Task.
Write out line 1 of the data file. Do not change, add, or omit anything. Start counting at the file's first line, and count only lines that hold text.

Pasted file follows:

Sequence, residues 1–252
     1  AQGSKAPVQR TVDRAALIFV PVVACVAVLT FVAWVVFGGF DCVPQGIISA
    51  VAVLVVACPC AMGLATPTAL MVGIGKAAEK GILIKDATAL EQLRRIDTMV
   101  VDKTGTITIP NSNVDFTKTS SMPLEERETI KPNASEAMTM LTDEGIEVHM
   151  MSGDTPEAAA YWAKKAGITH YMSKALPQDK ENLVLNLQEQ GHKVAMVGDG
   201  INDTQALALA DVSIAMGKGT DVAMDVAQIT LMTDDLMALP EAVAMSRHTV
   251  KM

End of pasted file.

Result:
Sequence, residues 1–252